• So why now are evangelical Protestants and Catholics able to think together in a new way about Scripture and tradition? Reviewing the latest book of Evangelicals and Catholics Together (ECT), Your Word Is Truth (Eerdmans), Stanley J. Grenz of Baylor University suggests that there are deep cultural and intellectual churnings at work: “The current interest in the retrieval of tradition emerges as a part of a larger response to the demise of the kind of epistemological foundationalism that was prevalent throughout the modern era, a foundationalism allied with the empirical science that grew out of the Enlightenment. Among evangelicals, assumptions about the nature of knowledge that reigned in modern society evoked the optimistic belief that scientific methods of Bible study, together with the illuminating work of the Spirit, readily lead the ‘Bible-believing Christian’ to the true meaning of the biblical texts, and this without recourse to either premodern exegetes or the hermeneutical traditions of the Church. In recent years, however, the confidence of many evangelicals in the modern epistemological triunity of Scripture, the individual interpreter, and the indwelling Spirit has been shaken, a situation that opens the door to a new trio-Scripture, tradition, and Church.” He adds that Your Word Is Truth and related developments have not adequately come to terms with the question of magisterium or the “locus of authority” in the Christian community. And, of course, he is right about that. ECT_is a work in progress.
• After the reign of Joseph Cardinal Bernardin in Chicago, there was speculation about what Father Michael Place, Bernardin’s ghost writer and factotum, would do. Not to worry, he has done very well for himself. He became the chief executive of the Catholic Health Association and, according to Modern Healthcare, is among the highest paid in that world. The average base compensation for chief executives of major healthcare associations is $399,062. In the year that CHA went from healthy profits to post a $656,559 loss on total revenue of $15.3 million, Fr. Place had his annual salary raised to $529,288, not including $37,000 in benefits and expense allowance. Fr. Place points out that he gives ten percent of his income to the Church, leaving him with barely half a million per year for himself. “After three years in my position, [the CHA board] said I was far below the market basket and needed to catch up to where I should be.” Consider, too, that catching up includes those years as a priest in Chicago, which really didn’t pay all that much. It is pointed out that Fr. Place’s remuneration is 3.7 percent of the total revenue of CHA.
• I should have made it clear in last month’s commentary that the Maurice Blackwell of Baltimore who was shot three times by Dontee Stokes, the man acquitted of attempted murder, had been removed from ministry several years ago. In his testimony in Stokes’ defense, William Cardinal Keeler of Baltimore said he regretted reinstating Blackwell in 1993 after he had been accused of sexual abuse and sent for ninety days of evaluation and therapy. While the clarification does not affect the substance of my commentary, facts matter.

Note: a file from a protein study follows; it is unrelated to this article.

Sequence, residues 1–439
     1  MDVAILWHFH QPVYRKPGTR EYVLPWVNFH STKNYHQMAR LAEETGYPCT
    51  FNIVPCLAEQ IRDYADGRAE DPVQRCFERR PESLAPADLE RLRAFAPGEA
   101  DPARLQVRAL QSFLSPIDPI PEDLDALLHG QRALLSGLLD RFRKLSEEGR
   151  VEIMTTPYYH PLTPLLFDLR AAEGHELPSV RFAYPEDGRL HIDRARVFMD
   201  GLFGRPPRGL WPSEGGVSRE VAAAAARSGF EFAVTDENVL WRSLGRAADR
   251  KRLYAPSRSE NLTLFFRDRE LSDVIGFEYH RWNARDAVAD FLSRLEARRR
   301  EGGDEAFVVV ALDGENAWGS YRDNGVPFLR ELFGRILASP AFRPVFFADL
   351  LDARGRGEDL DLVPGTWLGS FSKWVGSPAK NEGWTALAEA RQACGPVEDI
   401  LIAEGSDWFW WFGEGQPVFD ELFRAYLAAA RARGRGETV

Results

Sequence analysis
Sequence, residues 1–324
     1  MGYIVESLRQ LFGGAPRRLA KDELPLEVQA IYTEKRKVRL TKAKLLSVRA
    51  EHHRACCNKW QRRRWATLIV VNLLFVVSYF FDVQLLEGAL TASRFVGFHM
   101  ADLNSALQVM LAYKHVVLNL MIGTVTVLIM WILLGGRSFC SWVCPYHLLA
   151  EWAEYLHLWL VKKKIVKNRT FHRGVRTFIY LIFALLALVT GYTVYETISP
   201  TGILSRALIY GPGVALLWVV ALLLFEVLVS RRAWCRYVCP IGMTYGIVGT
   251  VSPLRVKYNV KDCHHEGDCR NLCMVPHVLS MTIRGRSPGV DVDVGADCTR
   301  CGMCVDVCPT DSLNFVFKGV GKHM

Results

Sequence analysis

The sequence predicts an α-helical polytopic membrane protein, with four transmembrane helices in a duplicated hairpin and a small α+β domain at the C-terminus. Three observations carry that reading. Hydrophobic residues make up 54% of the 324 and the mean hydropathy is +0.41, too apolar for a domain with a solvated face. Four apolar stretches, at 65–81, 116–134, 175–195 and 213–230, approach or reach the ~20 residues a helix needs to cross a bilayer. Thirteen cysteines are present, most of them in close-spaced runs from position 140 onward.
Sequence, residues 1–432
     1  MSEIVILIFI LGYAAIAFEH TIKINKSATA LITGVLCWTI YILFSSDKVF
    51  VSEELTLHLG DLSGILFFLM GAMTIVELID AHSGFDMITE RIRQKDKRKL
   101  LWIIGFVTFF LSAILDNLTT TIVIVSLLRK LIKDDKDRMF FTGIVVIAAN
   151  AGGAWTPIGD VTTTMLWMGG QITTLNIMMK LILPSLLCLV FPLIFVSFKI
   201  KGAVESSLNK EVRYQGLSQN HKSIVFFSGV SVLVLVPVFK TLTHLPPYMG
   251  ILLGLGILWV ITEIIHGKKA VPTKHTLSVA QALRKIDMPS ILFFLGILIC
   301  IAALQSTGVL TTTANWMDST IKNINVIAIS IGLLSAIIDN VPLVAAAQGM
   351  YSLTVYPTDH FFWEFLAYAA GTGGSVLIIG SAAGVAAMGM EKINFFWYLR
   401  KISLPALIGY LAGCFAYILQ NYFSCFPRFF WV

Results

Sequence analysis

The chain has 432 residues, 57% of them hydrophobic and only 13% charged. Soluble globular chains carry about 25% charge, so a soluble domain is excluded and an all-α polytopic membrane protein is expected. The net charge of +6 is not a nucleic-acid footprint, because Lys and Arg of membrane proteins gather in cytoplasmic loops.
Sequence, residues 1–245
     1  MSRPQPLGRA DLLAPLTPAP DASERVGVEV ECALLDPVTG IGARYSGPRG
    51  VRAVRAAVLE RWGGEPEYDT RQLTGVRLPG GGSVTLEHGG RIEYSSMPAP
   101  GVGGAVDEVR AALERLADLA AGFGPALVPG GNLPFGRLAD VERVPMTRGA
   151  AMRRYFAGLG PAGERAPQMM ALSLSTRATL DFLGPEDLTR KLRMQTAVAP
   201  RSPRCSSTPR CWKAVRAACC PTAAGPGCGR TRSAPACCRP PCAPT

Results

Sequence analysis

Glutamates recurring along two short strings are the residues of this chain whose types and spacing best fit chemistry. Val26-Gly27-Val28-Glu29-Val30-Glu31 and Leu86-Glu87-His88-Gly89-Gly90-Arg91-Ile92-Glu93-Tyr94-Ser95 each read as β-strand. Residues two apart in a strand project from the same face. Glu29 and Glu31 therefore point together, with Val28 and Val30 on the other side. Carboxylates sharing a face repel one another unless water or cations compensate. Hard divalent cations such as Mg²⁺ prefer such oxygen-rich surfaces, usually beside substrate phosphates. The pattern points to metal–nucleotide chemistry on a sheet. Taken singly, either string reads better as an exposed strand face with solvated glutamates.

• At the end of each year, the Pope issues a message on world peace, and this time it marked the fortieth anniversary of the John XXIII encyclical Pacem in Terris. At the time, many critics of a “realist” bent said the encyclical was a farrago of sentimentality with a distinctly utopian flavor. Forty years later, John Paul II declares it “prophetic” and finds in it lessons that others have missed in their reading of the document. For instance, there is this reflection on how just order is the foundation of peace: “I would like to suggest that the Church’s fifteen-hundred-year-old teaching on peace as ‘tranquillitas ordinis-the tranquillity of order’ as Saint Augustine called it (De Civitate Dei, 19, 13), which was brought to a new level of development forty years ago by Pacem in Terris, has a deep relevance for the world today, for the leaders of nations as well as for individuals. That there is serious disorder in world affairs is obvious. Thus the question to be faced remains: What kind of order can replace this disorder, so that men and women can live in freedom, justice, and security? And since the world, amid its disorder, continues nevertheless to be ‘ordered’ and organized in various ways-economic, cultural, even political-there arises another equally urgent question: On what principles are these new forms of world order unfolding? These far-reaching questions suggest that the problem of order in world affairs, which is the problem of peace rightly understood, cannot be separated from issues of moral principle. This is another way of saying that the question of peace cannot be separated from the question of human dignity and human rights. That is one of the enduring truths taught by Pacem in Terris, which we would do well to remember and reflect upon on this fortieth anniversary.” The Pope’s message also has strong words on the importance of the United Nations in developing the international order necessary to peace. Many will fail to see how the present constitution and practices of the UN can bear the weight of the hopes that the Pope apparently invests in it. The complicated relationship of the Holy See to the UN will certainly be coming in for more discussion if, as is reported, the Holy See applies to become a member nation, as distinct from its present status as a permanent observer. At one time, a number of smaller countries chose permanent observer status but, one by one, they have become member nations, with Switzerland being the most recent instance. Now the Holy See is all alone as a permanent observer, and the fear is that there will be a gradual whittling away of its opportunity for influence in the counsels of the organization. It would appear that the Holy See can meet the official qualifications to become a member nation. It has independent sovereignty over a territory, no matter how small, with permanent residents, and it has diplomatic relations with most of the nations of the world. From a theological perspective, however, the idea that the Holy See can be viewed as a nation among the nations is not without its problems. To the extent that the Holy See represents the Catholic Church and has no raison d’être apart from that, puzzling questions arise. I am by no means joining those who recently, and with crushing lack of success, tried to get the Holy See expelled from the UN. In its role as permanent observer, it has played an invaluable role and perhaps could continue to do so in the future. I do confess to being uncertain about what would be entailed-not so much for the UN as for the Church’s self-understanding-in becoming a member nation. If there is, in fact, a move in that direction, you can be sure that we will be coming back to the subject in these pages.